Archive for ‘Sunday Walk Around the Blogs’

January 23, 2011

A Sunday Walk Around the Blogs

A headstone leads a deputy to an old grave in this article from the Athens Banner-Herald.

Historic events shifted families into, out of Western North Carolina. This column in the Asheville Citizen-Times was written by Franklin, NC, local Dee Gibson-Roles.

The Genetic Genealogist blogs about an additional Native American haplogroup discovered by genetic genealogists.

Here’s a wonderful story about a slave ancestor found in Southern Claims Commission records at Reclaiming Kin.

August 1, 2010

A Sunday Walk Around the Blogs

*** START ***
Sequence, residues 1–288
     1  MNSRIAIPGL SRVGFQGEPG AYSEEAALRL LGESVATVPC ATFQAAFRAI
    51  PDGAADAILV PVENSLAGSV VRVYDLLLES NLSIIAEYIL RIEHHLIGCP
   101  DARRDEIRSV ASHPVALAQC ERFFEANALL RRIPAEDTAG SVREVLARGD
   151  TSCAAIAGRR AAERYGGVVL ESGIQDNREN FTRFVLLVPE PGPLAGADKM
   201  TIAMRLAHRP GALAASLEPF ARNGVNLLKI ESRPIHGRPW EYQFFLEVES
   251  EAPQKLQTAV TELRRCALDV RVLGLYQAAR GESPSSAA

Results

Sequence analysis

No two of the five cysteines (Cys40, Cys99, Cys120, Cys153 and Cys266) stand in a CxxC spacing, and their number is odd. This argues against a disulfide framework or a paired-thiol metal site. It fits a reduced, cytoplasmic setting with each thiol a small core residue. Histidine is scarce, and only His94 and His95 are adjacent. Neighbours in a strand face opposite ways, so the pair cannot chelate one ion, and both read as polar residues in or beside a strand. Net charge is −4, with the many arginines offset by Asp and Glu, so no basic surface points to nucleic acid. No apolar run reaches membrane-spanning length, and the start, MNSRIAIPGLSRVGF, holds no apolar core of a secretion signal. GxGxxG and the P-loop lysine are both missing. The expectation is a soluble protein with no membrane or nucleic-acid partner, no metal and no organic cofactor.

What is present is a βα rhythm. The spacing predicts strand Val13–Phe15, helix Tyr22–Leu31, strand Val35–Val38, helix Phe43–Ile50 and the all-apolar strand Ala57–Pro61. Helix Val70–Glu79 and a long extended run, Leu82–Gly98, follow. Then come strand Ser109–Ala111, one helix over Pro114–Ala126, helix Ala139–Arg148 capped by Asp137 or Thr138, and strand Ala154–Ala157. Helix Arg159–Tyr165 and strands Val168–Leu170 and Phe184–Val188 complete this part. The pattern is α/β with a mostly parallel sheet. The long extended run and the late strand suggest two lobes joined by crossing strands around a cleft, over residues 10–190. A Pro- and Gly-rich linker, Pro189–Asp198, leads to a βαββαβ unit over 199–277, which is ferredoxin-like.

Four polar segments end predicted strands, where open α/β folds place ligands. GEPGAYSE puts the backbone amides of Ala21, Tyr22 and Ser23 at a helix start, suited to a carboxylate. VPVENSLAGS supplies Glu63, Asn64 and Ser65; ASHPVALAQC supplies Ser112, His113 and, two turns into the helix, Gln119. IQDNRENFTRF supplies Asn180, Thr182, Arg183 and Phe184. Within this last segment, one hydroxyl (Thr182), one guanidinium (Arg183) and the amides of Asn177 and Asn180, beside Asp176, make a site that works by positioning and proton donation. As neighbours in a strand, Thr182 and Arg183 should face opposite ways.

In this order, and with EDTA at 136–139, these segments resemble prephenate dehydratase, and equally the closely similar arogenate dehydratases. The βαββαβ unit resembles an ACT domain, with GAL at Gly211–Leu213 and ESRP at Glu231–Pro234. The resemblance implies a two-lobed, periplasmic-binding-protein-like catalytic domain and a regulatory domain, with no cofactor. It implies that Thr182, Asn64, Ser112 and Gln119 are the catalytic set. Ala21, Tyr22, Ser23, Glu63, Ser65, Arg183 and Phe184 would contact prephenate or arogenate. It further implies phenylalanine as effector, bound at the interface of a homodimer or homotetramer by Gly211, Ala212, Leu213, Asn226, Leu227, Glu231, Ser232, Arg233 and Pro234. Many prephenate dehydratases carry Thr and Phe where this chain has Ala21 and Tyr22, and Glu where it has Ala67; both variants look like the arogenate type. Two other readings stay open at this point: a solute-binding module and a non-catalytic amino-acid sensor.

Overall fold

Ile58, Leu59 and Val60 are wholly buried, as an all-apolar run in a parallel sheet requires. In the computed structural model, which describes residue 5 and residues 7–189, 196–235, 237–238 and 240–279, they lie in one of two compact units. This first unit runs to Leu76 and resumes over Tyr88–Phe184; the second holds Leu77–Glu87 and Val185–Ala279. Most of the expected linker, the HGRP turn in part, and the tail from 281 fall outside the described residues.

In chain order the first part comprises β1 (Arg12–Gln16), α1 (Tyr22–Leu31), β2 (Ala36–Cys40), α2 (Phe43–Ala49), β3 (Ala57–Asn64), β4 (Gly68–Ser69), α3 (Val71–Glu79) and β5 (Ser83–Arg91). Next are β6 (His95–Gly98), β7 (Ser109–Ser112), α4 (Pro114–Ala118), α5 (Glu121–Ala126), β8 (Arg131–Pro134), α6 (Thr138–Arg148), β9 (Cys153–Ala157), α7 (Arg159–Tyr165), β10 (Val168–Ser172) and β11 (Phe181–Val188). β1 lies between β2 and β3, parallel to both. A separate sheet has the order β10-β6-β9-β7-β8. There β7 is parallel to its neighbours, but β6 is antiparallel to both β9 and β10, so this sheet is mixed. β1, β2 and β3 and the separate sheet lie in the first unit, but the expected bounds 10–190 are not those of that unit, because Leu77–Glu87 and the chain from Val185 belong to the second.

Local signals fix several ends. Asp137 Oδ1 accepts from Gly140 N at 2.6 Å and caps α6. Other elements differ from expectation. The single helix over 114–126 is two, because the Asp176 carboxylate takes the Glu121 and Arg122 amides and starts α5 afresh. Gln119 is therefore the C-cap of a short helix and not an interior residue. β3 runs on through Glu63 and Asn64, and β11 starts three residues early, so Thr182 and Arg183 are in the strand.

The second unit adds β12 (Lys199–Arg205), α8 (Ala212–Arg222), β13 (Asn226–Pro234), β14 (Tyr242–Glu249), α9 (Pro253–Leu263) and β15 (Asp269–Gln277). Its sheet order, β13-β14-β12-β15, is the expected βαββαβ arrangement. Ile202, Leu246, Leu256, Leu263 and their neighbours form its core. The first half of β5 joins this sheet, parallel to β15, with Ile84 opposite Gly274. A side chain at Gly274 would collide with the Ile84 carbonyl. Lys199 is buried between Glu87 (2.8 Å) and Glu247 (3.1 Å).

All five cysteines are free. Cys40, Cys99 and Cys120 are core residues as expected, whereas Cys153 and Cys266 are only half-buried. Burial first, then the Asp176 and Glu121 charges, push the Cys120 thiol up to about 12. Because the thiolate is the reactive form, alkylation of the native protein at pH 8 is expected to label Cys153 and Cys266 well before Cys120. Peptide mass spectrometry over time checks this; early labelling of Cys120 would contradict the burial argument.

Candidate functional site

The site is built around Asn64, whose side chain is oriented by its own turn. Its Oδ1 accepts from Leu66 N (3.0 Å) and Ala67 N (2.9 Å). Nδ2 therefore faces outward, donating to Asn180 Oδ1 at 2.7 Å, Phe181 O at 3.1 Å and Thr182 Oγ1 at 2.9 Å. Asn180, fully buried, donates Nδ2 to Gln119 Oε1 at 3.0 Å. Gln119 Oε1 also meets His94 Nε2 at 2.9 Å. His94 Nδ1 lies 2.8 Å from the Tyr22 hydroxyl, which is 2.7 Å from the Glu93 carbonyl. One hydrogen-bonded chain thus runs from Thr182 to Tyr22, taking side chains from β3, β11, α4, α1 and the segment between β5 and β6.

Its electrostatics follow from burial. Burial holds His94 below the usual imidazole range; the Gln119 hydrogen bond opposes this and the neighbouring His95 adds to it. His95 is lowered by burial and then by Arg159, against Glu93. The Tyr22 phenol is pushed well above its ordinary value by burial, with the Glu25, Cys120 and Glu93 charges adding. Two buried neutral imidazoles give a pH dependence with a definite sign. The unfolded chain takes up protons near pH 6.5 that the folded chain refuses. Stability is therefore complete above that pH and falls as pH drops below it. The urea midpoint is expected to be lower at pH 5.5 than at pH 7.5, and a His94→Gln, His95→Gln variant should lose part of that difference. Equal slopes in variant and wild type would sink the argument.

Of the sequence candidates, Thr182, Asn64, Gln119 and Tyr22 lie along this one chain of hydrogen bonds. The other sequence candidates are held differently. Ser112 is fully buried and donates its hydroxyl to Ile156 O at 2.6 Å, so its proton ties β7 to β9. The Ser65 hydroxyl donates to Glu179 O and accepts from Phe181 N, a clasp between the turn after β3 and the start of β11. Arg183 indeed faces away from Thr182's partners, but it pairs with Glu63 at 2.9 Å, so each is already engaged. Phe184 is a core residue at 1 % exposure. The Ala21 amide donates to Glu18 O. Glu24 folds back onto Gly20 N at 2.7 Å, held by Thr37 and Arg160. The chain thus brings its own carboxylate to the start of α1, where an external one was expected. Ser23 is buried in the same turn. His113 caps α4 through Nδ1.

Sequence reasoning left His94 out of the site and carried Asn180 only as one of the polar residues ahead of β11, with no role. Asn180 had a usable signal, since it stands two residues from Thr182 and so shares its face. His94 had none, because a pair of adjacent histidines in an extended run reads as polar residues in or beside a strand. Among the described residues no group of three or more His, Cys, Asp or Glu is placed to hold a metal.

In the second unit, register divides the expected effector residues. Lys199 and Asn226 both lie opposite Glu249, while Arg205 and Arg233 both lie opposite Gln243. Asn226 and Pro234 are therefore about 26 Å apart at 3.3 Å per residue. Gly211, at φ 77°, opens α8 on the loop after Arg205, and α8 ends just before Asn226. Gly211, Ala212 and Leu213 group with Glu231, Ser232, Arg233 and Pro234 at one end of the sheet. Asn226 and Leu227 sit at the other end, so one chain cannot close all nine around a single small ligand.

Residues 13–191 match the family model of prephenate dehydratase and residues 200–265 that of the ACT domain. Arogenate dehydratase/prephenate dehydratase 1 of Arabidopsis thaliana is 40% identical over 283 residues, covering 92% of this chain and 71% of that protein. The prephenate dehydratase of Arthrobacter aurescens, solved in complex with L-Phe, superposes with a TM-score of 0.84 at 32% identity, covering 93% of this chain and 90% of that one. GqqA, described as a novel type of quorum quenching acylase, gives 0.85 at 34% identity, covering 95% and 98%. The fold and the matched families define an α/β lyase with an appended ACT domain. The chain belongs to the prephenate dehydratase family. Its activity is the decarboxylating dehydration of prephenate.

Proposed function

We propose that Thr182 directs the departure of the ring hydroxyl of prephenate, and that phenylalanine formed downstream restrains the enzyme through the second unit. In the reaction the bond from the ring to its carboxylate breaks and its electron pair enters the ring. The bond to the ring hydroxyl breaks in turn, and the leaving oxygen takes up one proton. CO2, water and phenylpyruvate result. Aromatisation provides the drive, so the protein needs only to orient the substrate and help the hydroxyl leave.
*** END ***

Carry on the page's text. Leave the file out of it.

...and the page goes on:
Copyright Issues from Ask Olive Tree. A reader asks about the copyright of a letter written by her deceased great-uncle.

Handwriting from iPentimento. Handwriting analysis. Interesting post.

Ordering FHL microfilm from your home from Relatively Curious About Genealogy. What will they think of next?

Slave Letters from Reclaiming Kin. A small glimpse into a little-known resource.

July 18, 2010

A Sunday Walk Around the Blogs

Stories of the LRWMA, a blog dedicated to documenting the history of what is now the Lake Russell Wildlife Management Area in northeast Georgia.

18th-Century Ship Found at Trade Center Site by David W. Dunlap for The New York Times.

Georgia Black Crackers. Not a blog post, but the blog itself. Mavis, the author, details (among other things) her search for Grandpa Jasper and Grandma Jane Pierce. Very interesting.

May 23, 2010

A Sunday Walk Around the Blogs